Yes Way, Rosé: Wine Inspires Instagram Meme, Totes and Tees

Wine lovers are increasingly viewing the world through rosé-tinted glasses, say industry leaders, pointing to double-digit growth in U.S. retail sales of premium imported rosé wines every year of the past decade.


In addition to toasts, this season the pink libation has inspired an Instagram meme, totes and tees. The battle cry for this merry movement? “Yes way, rosé.”

Erica Blumenthal and Nikki Huganir are the masterminds behind the trending hashtags #yeswayrose, #summerwater and #rosevibes, which came to them after they realized they were exclusively sipping the rosy stuff after Memorial Day. Soon, the catchy phrases were gracing tote bags, shirts and iPhone sleeves on their own e-commerce site.

“Drink your pinks, eat your greens. #healthé #drinkpink #yeswayrosé” commanded one recent Instagram post snapped during dinner hours.

Typically made using red grapes, rosé juice has very little contact with the skins during the winemaking process, leaving behind trace amounts of color, flavors and tannins. This results in a combination of red wine on the nose and palate, with the freshness and structure of a white wine, say wine experts.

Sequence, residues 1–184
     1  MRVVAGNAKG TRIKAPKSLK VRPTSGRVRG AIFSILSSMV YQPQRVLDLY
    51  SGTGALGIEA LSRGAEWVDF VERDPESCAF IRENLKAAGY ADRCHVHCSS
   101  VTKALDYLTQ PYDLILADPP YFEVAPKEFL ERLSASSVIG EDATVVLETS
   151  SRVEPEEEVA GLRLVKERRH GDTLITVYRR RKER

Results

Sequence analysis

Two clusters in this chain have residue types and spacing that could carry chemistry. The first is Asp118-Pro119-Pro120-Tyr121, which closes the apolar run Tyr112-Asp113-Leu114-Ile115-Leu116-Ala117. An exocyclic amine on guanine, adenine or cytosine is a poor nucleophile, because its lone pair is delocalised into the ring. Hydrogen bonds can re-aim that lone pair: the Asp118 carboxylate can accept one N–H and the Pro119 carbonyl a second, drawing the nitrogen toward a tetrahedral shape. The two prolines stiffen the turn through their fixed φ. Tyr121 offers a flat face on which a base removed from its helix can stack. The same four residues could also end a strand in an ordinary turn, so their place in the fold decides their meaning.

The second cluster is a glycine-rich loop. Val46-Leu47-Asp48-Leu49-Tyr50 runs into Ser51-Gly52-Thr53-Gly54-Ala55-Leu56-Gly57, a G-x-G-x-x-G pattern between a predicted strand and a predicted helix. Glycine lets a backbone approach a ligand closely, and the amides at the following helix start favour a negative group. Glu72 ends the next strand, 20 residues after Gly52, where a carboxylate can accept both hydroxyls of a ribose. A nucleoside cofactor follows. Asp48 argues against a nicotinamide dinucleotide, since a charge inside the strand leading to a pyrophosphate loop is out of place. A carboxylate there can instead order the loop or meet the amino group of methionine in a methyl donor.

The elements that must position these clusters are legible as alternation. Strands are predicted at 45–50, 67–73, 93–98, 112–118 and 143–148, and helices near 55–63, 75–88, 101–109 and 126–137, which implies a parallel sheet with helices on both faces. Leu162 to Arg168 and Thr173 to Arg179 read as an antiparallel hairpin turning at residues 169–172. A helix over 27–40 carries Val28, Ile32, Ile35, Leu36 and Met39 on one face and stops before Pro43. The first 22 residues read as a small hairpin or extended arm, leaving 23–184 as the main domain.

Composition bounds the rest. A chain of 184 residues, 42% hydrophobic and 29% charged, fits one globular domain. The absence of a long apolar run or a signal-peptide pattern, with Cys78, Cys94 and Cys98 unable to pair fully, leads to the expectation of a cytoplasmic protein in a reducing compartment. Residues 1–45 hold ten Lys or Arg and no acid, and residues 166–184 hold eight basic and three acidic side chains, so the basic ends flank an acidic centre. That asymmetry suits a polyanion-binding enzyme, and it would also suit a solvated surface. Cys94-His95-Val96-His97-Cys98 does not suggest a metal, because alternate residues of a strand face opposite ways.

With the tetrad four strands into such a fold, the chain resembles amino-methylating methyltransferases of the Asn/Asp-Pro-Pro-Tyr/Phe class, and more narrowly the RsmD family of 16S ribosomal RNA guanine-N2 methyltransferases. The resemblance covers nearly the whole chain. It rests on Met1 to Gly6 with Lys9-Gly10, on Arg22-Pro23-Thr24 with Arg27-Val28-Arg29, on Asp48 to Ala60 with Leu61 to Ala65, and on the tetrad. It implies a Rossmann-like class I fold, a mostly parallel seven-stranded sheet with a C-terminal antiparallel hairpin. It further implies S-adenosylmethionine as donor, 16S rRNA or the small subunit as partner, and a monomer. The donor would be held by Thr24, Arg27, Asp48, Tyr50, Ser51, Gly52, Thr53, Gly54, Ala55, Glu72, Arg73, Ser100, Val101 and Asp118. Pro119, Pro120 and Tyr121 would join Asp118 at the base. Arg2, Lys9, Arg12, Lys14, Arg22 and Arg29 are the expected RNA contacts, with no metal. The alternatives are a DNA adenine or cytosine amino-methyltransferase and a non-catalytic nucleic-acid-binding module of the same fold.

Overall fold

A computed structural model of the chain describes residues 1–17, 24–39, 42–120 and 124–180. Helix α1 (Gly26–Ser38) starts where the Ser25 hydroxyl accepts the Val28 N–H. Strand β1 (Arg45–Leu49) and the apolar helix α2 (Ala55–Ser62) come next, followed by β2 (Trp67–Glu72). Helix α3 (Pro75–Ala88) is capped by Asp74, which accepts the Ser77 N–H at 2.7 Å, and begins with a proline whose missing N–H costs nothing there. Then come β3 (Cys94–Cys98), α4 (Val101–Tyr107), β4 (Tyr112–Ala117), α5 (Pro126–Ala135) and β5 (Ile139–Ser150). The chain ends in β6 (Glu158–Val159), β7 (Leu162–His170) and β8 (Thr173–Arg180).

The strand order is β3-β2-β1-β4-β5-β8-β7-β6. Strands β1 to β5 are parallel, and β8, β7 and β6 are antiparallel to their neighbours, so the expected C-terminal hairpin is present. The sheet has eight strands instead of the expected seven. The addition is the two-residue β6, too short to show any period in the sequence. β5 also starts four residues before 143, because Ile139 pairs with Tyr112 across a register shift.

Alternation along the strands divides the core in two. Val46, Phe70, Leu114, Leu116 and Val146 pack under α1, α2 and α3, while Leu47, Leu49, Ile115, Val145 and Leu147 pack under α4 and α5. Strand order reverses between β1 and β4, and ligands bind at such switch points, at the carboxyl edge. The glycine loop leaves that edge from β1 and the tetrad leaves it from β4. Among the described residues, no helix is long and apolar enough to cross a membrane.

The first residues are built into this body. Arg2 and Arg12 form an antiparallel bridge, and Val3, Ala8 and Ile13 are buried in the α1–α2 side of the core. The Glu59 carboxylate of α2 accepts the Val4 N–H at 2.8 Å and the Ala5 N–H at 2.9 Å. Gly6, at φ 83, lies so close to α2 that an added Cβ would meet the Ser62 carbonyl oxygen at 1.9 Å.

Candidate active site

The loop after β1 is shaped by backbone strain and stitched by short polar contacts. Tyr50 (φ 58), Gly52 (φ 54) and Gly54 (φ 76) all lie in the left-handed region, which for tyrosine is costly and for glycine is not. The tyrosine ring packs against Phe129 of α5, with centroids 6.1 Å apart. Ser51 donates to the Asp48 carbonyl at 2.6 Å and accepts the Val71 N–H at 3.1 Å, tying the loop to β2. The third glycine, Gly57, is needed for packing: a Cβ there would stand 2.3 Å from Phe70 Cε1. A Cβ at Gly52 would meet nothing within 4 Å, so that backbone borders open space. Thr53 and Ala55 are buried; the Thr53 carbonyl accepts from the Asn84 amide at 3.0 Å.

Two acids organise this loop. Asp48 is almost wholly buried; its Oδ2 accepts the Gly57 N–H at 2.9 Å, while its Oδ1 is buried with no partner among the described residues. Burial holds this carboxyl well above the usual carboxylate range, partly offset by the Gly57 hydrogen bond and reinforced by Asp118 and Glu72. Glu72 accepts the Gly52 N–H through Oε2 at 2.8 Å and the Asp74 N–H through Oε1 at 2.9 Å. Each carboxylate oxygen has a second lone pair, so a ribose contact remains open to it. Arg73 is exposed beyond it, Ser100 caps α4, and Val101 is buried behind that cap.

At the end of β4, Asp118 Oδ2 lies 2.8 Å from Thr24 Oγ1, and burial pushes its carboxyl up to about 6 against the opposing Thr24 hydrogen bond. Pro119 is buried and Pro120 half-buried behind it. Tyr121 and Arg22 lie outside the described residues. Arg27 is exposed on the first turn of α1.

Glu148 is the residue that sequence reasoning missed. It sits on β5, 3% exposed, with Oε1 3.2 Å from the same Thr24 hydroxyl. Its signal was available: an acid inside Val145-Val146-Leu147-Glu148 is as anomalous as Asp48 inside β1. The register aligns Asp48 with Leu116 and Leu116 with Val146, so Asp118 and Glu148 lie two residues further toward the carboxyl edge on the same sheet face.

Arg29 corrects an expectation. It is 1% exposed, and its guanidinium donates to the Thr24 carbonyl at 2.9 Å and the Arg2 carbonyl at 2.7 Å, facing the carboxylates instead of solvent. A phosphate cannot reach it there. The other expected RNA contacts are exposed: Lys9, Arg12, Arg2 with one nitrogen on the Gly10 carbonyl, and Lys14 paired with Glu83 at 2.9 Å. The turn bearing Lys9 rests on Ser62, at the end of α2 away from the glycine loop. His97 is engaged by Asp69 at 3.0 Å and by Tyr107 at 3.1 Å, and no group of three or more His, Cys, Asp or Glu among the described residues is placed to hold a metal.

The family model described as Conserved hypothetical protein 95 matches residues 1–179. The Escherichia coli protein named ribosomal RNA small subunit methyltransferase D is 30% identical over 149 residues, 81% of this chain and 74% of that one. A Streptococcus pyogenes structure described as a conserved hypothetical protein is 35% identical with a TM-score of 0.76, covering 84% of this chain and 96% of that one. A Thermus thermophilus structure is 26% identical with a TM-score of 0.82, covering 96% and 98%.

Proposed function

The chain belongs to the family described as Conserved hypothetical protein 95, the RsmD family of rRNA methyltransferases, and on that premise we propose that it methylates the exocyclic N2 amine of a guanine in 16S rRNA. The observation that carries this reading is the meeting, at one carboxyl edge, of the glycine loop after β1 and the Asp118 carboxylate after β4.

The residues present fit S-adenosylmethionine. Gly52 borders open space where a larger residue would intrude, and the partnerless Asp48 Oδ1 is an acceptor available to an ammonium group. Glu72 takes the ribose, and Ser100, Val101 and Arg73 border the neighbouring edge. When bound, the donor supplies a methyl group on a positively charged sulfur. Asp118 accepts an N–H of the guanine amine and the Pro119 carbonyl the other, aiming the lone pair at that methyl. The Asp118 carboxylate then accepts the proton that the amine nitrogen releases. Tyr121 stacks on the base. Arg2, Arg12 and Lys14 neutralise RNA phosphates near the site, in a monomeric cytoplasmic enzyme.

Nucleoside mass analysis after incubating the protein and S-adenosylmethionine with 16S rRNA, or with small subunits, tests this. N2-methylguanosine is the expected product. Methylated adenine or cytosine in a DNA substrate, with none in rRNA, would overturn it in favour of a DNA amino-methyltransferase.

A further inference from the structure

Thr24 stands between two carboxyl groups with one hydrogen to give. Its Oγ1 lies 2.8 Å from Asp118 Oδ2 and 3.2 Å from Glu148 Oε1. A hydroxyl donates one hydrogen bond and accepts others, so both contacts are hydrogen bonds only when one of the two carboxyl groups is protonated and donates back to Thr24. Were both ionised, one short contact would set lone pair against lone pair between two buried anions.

In other words, it’s very easy on the palate.

“Sales of rosé wine overtook sales of white wine in France 20 years ago for a very good reason,” said Stephen Cronk, founder of Mirabeau, which is based in Provence–the largest rosé producing region in France. “Many people enjoy the flavors of red wines but either find them too heavy in summer or they don’t like the stronger tannins in red. With delicious aromas of summer fruits combined with a fresh, citrusy acidity on the palate, a well made Provence rosé is pure sunshine in a glass.”
While the girls at Yes Way, Rosé champion drinking rosé year-round, and producers interviewed for this story declined to share a cutoff date for quaffing, most drinkers wean themselves off of the wine after Labor Day.

Should you choose to indulge further along in the calendar year, just be sure to safeguard your stock.

“The vast majority of rosés are made to be drunk within 1-2 years,” said Cronk. “In order for them to remain fresh over longer time periods, care must be taken not to expose the wine to harmful UV rays.”

After all, summer can’t last forever.